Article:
‘Elizabeth Finch’ by Julian Barnes

2022, 192 p.

There are many reasons why a reader might pick up Elizabeth Finch. After all, Julian Barnes is one of UK’s notable writers; each of his books tends to be quite different from the others; and he displays wit and erudition in his works. I’ve read quite a few of his books after being stunned by History of the World in 10 1/2 Chapters and Flaubert’s Parrot (both read before I started blogging), and all up I have read eight of his books.

But the real reason that I read this book was because, nestled between Parts I and Part III is an essay on Julian the Apostate. I should imagine that for many readers, this section on Julian was an obscure and boring distraction – after all, who has an essay in the middle of a novel, especially about a long-dead Roman emperor? But if you follow this blog, you’ll know that for the last 18 months I have been listening to Mike Duncan’s ‘History of Rome‘ podcast- a mighty 189-episode performance. I was fascinated by Julian, later designated ‘the Apostate’, who was the last non-Christian ruler of the Roman Empire and who tried to undo his uncle Constantine’s tolerance for -and indeed encouragement of- Christianity. I know that ‘good’ historians shouldn’t indulge in ‘what-if?’ history but -oh- alternative scenarios just unroll before your eyes when considering the suppression or withering away of Christianity before it really got started: no churches; no Popes; a whole range of gods to choose from. Perhaps. But ‘what if’ Julian didn’t die at just 31 years of age, but instead lived to become more intolerant and repressive and ended up ‘Julian the Cruel’ instead? This is one of the threads in the 48-page essay about Julian the Apostate in Part II of this book, an essay which may have led me to choose this book, but probably repelled many more readers than it attracted.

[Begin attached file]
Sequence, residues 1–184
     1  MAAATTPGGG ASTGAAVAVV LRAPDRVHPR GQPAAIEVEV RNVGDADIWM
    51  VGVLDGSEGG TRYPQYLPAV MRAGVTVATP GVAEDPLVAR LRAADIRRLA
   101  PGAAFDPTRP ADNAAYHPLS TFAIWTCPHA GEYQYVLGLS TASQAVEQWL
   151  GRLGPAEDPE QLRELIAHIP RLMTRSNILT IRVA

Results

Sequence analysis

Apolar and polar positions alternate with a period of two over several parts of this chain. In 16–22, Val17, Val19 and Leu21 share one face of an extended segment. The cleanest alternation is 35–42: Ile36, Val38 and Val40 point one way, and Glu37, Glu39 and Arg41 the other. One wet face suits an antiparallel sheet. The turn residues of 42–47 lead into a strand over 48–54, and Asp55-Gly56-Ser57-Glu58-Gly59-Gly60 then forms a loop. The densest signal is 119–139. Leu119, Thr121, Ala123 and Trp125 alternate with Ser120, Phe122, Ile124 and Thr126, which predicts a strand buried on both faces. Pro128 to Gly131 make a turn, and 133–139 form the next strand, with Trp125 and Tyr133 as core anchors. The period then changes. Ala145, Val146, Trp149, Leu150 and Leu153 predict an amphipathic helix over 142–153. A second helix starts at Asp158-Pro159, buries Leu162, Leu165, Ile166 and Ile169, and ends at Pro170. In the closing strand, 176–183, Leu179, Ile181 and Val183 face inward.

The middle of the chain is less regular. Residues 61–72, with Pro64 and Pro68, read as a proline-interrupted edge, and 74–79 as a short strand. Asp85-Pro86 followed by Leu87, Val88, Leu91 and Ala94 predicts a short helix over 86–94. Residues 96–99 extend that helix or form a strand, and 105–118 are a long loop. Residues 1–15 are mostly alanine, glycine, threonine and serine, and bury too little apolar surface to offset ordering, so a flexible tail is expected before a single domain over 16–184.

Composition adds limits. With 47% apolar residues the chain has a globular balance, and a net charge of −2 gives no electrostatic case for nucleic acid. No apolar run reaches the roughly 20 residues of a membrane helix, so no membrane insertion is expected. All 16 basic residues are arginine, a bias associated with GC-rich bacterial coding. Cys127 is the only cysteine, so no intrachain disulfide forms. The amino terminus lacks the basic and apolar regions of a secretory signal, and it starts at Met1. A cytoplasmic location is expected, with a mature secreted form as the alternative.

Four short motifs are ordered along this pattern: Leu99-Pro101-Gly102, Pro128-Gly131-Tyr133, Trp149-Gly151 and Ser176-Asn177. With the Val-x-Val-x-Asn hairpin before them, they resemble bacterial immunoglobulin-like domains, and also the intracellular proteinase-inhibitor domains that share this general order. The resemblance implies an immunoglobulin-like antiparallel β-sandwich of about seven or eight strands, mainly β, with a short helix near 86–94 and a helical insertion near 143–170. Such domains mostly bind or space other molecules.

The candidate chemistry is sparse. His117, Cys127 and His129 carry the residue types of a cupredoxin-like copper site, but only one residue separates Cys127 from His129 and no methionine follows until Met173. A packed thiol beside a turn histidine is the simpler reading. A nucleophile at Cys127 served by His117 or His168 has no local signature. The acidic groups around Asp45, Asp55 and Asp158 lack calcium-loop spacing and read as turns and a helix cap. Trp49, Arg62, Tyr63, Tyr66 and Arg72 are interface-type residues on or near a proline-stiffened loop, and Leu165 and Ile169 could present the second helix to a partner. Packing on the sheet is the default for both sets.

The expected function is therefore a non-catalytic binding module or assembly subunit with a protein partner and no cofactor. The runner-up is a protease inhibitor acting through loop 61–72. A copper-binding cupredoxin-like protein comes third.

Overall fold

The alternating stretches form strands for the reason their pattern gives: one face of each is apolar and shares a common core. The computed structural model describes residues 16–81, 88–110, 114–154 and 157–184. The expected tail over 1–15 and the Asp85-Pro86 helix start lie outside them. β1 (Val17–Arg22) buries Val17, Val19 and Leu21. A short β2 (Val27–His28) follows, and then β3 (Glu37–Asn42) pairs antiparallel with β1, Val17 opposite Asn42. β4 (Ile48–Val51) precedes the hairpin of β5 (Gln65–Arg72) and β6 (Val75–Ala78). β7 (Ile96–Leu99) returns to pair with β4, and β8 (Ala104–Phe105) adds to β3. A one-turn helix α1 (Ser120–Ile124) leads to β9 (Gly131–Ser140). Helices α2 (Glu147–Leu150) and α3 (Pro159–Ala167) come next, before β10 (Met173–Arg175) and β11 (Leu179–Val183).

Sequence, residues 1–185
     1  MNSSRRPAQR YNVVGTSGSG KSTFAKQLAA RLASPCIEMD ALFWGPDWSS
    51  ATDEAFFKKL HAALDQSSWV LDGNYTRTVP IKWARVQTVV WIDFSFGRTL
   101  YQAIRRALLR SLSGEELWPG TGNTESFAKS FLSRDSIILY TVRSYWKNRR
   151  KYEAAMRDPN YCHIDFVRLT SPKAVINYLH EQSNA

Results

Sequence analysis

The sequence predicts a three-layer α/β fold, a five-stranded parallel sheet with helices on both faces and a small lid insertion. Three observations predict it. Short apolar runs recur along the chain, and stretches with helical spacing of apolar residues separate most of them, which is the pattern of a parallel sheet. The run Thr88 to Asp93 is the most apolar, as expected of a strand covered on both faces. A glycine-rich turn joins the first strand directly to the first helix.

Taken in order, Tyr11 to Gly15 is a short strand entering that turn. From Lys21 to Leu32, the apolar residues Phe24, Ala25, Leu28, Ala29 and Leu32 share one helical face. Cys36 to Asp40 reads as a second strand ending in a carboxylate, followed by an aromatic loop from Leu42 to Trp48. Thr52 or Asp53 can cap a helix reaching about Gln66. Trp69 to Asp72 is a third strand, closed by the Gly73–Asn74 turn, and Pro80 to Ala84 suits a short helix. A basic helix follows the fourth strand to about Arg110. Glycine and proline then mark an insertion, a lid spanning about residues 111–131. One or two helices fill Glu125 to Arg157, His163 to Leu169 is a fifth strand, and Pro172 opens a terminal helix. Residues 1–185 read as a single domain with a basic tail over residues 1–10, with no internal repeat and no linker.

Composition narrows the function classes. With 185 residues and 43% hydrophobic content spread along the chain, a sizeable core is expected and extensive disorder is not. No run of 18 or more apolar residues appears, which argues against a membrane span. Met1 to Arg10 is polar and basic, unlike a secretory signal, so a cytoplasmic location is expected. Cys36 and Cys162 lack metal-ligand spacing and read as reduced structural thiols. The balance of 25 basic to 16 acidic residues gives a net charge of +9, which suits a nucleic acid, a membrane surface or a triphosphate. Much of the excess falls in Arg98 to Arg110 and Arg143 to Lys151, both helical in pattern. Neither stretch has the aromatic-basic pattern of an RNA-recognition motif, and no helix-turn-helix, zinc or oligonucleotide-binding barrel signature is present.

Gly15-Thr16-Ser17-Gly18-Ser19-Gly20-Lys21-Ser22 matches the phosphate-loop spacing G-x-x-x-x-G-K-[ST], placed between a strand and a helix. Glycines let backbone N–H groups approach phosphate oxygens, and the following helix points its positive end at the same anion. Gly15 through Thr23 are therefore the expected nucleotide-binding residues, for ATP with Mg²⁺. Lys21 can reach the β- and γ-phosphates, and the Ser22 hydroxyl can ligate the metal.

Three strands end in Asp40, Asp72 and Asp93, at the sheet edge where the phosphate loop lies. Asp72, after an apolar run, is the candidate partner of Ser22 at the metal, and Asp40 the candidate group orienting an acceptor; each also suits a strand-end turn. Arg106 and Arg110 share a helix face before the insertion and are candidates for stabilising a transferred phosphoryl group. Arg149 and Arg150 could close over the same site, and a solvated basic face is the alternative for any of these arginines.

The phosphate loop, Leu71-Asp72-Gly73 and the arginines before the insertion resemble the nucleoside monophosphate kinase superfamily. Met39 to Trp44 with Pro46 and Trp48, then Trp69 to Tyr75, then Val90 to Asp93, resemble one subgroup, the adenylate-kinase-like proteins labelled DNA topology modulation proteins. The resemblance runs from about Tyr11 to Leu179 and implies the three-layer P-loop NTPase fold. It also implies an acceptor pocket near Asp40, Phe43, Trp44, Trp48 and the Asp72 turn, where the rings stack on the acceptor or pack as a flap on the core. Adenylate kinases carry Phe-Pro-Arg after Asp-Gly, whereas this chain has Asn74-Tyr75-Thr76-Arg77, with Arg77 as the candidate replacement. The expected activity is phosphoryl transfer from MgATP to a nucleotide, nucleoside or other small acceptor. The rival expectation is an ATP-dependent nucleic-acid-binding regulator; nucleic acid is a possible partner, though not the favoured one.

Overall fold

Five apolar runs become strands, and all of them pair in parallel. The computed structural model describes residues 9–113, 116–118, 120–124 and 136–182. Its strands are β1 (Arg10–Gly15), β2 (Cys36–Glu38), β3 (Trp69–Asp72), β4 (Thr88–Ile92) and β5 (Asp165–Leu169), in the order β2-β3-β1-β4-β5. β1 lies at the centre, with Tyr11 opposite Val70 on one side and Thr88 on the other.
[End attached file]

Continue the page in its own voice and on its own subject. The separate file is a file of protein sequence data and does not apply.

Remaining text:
Parts I and III of the book return to the eponymous Elizabeth Finch, a quietly-spoken, demure lecturer in a Culture and Civilisation course for adult students. The narrator, Neil, is one of the older students in the class, and while he shares the fascination of his fellow students for this inscrutable, rather insipid, teacher, Part I is almost a love-letter to her and her effect on transforming his ‘paltry thoughtlets into something of fuller interest’ (p.15). The course completed – even though Neil didn’t get round to writing the required essay on a topic of his choice- he and Elizabeth (abbreviated to E. F.) continued to meet for lunch for the next twenty years. Pasta, one glass of white wine, coffee: she always paid and the meal always lasted seventy-five minutes. When she died, she left to him all her books and papers, although her only sibling Christopher was the executor of the rest of her estate. It was while going through her papers that Neil realized that E.F. (like me!) had been drawn to Emperor Julian, and it was now- 20 years later- that Neil wrote the essay that he had failed to write at the end of the course- and it is this essay that makes up Part II of the book. In Part III we return to Neil, who is by now trawling through E. F.’s life, trying to make small snippets fit, and recalling what Neil came to think of The Shaming, when a small public lecture for the London Review of Books given by E.F. blew up into a small but ultimately inconsequential controversy. Neil is making a dogged attempt to reconstruct her biography, but the pieces don’t fit. Her rather dull brother Christopher knows only ‘Liz’, his fellow students have had their own interactions with her, of which he was completely oblivious, and have made their own judgements. The hero-worship of Part I gives way in Part III to a rather bleak acknowledgment of the unknowability of any other person and the unrecoverability of the past.